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Lancaster v. Nationwide Mutual Fire Insurance Co.

United States District Court, M.D. Pennsylvania

July 24, 2017



          MALACHY E. MANNION United States District Judge.

         Before the court is a partial motion to dismiss filed by the defendant Nationwide Mutual Fire Insurance Company (“Nationwide”). (Doc. 6). The defendant seeks to dismiss a breach of contract claim brought by the plaintiff Sarah Lancaster who is insured under an insurance policy with Nationwide. Based on the foregoing, the defendant's motion will be GRANTED.


         This case arises out of a May 21, 2015 fire that occurred at the plaintiff's residence located at 106 Hope Way, Scranton, Pennsylvania. (Doc. 1, ¶¶1, 5). The plaintiff sustained damages to her home with an estimated cost of repair in excess of $75, 000.00. (Id.). The plaintiff alleges she was insured by Nationwide for accidental fire damage at the time of the fire. (Id., ¶4). Nationwide is an insurance corporation incorporated in Ohio with a place of business in Scranton, Pennsylvania.[2] (Id., ¶2).

         Within a day of the fire, the plaintiff submitted a claim for the loss to Nationwide. (Id., ¶6). Written notice was also forwarded on May 29, 2015, August 11, 2015, and September 9, 2015. (Id., ¶7). Nationwide denied the plaintiff's claim asserting that the plaintiff's policy had been cancelled due to non-payment. (Id., ¶8).

         The plaintiff asserts that her insurance policy requires thirty-day notice to the plaintiff before cancellation by Nationwide and that renewal of the policy is required unless this notice is provided. (Id., ¶¶13, 15). The plaintiff also asserts that her insurance policy requires Nationwide to notify the plaintiff's mortgagee, Habitat for Humanity, of cancellation at least ten days prior to the cancellation. (Id., ¶17). Nationwide never mailed the plaintiff notice of the premium required to renew or maintain the policy prior to cancellation and did not provide any notice to the plaintiff of the intended cancellation. (Id., ¶¶12, 14). In addition, Nationwide did not notify Habitat for Humanity of the cancellation. (Id., ¶18). Nonetheless, Nationwide did not renew the policy when it expired and the plaintiff's claim for the May 21, 2015 fire was denied. (Id., ¶¶8, 16).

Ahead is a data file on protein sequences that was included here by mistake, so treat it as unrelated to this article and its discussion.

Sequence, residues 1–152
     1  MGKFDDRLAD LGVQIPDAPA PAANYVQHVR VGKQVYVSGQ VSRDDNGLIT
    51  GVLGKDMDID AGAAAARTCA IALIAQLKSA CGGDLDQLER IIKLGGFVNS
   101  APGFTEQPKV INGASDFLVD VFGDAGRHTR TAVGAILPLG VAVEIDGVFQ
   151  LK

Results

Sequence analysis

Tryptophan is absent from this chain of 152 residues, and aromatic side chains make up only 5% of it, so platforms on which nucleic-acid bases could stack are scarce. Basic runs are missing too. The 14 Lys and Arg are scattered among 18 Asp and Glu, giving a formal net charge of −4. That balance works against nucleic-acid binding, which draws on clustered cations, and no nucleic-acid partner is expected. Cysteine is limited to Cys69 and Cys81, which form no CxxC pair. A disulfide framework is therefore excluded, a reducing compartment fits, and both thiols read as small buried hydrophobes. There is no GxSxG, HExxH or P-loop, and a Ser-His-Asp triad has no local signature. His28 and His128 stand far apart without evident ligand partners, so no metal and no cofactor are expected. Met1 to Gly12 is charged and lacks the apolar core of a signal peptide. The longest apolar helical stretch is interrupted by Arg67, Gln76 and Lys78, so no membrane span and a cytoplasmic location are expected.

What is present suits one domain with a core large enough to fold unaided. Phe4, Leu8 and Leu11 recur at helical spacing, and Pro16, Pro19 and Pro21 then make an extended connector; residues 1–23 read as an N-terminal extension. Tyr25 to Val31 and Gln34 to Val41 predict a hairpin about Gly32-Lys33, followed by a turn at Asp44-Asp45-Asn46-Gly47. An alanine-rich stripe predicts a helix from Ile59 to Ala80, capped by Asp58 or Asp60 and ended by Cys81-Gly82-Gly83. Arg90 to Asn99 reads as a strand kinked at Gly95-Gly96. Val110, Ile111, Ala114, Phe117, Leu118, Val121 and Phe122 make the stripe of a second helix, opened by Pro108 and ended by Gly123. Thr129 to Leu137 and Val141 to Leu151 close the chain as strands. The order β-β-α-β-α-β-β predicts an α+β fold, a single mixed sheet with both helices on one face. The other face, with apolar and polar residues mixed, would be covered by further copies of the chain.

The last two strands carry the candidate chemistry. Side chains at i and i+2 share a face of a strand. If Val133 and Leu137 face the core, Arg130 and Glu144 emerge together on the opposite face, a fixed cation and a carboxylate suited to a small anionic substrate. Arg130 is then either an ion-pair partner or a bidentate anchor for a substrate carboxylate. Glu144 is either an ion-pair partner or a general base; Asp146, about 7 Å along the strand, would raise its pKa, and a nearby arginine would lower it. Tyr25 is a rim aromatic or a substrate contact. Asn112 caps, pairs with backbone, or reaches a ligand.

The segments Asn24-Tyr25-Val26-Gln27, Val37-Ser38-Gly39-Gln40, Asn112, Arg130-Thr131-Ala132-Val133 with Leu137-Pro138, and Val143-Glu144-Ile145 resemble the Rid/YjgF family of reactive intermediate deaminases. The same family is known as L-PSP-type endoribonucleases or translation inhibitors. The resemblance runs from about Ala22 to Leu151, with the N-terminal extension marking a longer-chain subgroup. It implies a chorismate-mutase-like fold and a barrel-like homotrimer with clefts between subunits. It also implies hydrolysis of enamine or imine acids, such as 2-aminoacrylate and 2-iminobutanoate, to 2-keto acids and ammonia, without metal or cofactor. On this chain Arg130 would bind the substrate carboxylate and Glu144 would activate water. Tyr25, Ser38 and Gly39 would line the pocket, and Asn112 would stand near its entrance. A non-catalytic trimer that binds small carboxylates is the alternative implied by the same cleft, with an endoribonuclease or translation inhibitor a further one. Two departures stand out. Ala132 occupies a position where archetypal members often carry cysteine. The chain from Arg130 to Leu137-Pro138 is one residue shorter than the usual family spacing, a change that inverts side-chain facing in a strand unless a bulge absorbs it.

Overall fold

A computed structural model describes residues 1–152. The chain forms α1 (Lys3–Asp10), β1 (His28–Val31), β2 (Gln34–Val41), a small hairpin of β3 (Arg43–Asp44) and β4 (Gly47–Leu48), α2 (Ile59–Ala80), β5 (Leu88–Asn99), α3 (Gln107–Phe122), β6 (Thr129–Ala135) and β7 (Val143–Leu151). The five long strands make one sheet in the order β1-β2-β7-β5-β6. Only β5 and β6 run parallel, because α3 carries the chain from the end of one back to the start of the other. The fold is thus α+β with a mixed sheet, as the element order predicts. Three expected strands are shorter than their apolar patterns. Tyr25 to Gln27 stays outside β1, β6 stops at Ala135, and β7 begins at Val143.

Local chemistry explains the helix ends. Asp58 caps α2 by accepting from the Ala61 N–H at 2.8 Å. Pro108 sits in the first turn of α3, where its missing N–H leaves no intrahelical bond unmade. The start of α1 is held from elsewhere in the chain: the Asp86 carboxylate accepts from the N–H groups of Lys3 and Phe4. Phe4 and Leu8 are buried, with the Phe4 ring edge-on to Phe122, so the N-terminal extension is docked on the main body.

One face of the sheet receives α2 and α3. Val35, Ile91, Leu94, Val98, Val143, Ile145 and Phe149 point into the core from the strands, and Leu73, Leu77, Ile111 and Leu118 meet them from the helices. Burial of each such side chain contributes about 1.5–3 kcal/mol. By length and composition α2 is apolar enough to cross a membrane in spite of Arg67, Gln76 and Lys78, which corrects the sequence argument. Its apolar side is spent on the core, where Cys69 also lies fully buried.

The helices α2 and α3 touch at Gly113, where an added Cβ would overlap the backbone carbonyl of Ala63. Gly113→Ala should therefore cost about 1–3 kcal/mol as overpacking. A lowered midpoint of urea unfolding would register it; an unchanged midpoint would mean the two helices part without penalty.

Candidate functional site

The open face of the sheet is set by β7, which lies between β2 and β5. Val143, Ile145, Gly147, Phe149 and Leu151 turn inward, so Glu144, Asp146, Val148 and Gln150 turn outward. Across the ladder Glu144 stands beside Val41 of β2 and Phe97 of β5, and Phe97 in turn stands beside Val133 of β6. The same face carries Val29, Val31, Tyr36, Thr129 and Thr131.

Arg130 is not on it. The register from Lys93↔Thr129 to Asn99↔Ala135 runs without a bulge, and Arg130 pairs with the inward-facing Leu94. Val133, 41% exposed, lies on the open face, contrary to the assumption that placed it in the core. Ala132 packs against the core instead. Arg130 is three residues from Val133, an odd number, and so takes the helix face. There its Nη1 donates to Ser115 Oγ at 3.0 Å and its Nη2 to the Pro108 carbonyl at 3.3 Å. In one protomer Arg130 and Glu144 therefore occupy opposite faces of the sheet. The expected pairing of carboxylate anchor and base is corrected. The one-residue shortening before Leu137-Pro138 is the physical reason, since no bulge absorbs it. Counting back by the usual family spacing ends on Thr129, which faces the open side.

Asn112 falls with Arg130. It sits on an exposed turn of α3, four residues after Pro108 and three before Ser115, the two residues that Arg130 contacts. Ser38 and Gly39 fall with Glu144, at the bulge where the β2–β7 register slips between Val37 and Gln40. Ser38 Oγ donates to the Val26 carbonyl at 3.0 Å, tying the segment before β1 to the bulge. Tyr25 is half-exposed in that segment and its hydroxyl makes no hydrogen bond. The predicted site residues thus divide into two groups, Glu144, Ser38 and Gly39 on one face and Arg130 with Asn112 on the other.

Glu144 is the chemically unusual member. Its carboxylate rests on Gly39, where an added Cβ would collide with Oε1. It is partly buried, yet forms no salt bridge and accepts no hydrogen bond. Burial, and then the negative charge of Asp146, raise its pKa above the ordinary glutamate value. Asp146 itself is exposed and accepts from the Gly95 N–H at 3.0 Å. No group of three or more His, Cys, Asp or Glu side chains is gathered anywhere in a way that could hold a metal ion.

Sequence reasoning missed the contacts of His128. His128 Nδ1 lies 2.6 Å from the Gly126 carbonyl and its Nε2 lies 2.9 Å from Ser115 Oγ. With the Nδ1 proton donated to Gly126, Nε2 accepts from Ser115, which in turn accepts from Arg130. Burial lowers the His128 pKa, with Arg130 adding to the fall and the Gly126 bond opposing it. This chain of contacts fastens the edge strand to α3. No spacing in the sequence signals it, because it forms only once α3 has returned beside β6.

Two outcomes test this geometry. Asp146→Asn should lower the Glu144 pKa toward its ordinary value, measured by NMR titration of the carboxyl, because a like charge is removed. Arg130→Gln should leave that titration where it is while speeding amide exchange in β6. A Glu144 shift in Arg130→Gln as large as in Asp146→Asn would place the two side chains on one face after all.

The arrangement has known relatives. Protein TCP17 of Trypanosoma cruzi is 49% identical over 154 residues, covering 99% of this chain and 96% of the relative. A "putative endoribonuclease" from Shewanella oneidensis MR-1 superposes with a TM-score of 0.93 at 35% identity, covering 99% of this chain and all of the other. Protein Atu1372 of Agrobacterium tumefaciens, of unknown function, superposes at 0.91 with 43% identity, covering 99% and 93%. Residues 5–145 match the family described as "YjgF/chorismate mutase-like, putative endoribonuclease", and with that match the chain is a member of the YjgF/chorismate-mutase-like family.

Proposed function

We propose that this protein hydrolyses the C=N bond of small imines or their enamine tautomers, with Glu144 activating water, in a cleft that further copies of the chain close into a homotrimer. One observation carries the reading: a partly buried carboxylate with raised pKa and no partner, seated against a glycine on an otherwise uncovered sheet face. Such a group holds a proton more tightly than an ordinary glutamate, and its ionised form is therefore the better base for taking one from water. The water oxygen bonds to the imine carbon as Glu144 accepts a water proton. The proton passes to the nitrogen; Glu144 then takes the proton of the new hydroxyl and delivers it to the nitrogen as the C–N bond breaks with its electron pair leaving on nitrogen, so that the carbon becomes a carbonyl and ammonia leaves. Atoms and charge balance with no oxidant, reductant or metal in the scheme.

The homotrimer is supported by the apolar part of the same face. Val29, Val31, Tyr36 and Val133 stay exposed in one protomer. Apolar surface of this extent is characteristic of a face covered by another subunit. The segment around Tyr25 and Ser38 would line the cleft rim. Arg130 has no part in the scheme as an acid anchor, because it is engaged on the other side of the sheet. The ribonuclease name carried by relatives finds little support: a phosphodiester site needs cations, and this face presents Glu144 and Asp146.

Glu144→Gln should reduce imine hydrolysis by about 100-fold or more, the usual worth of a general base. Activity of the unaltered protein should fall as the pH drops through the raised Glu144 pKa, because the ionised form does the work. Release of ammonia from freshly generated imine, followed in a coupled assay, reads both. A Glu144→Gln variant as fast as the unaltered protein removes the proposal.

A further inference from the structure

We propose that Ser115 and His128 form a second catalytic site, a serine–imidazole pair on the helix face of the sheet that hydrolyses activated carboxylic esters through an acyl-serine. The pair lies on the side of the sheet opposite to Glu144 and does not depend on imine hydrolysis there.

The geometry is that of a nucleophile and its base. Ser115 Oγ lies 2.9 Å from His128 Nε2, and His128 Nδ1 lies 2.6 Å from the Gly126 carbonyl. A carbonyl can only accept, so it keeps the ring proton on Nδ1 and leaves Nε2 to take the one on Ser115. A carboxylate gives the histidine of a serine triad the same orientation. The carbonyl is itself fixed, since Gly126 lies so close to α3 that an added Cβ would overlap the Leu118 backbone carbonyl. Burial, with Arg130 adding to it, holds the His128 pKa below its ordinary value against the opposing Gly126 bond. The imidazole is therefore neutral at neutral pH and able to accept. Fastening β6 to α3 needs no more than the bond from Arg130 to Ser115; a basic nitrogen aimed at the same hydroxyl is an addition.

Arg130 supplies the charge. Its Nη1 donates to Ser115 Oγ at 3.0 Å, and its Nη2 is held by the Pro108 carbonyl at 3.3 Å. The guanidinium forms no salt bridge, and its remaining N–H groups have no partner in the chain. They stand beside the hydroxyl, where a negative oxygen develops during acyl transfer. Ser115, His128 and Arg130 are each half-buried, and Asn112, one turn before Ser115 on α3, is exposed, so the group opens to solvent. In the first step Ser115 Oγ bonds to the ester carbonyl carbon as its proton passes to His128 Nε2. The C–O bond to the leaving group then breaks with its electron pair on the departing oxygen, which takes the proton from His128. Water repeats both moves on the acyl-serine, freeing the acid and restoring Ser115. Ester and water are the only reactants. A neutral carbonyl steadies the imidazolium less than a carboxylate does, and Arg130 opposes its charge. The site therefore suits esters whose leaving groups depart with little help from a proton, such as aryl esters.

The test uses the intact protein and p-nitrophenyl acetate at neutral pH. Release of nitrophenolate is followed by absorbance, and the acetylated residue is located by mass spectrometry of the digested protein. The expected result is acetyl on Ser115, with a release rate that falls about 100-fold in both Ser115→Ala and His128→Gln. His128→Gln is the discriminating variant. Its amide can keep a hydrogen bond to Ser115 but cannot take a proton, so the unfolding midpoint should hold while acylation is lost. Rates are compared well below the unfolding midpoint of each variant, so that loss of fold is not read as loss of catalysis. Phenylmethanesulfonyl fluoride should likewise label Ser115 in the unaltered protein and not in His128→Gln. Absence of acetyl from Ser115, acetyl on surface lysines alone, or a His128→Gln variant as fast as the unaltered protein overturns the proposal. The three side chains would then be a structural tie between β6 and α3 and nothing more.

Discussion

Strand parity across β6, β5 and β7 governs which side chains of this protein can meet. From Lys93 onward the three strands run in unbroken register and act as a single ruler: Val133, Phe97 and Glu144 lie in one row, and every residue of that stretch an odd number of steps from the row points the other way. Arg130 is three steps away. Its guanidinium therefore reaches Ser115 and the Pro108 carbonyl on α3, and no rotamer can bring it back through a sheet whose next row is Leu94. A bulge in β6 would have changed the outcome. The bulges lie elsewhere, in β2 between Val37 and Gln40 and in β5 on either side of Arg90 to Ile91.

On December 9, 2016, the plaintiff filed a complaint in this court alleging two counts against Nationwide, breach of Contract (Count I) and bad faith in violation of 42 Pa. Cons. Stat. §8371, Pennsylvania's bad faith statute (Count II).[3] (Doc. 1). On February 13, 2017, Nationwide filed the current, partial motion to dismiss Count I, along with a brief in support. (Docs. 6-7). Nationwide's motion seeks to dismiss the plaintiff's breach of contract claim based on a one-year limitations clause for filing suit under the policy. To date, the plaintiff has not responded to Nationwide's motion. The motion is now ripe for review.